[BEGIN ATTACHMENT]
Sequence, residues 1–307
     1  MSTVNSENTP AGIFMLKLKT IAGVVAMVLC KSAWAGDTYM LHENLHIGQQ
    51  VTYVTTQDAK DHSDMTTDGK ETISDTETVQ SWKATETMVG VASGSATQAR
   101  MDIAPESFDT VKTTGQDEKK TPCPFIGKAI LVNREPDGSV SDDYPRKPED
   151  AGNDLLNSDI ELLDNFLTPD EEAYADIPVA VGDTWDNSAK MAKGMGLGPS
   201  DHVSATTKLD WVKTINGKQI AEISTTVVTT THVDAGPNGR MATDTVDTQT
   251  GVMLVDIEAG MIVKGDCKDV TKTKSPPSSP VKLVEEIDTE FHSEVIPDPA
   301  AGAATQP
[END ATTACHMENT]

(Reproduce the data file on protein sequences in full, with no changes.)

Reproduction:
Sequence, residues 1–307
     1  MSTVNSENTP AGIFMLKLKT IAGVVAMVLC KSAWAGDTYM LHENLHIGQQ
    51  VTYVTTQDAK DHSDMTTDGK ETISDTETVQ SWKATETMVG VASGSATQAR
   101  MDIAPESFDT VKTTGQDEKK TPCPFIGKAI LVNREPDGSV SDDYPRKPED
   151  AGNDLLNSDI ELLDNFLTPD EEAYADIPVA VGDTWDNSAK MAKGMGLGPS
   201  DHVSATTKLD WVKTINGKQI AEISTTVVTT THVDAGPNGR MATDTVDTQT
   251  GVMLVDIEAG MIVKGDCKDV TKTKSPPSSP VKLVEEIDTE FHSEVIPDPA
   301  AGAATQP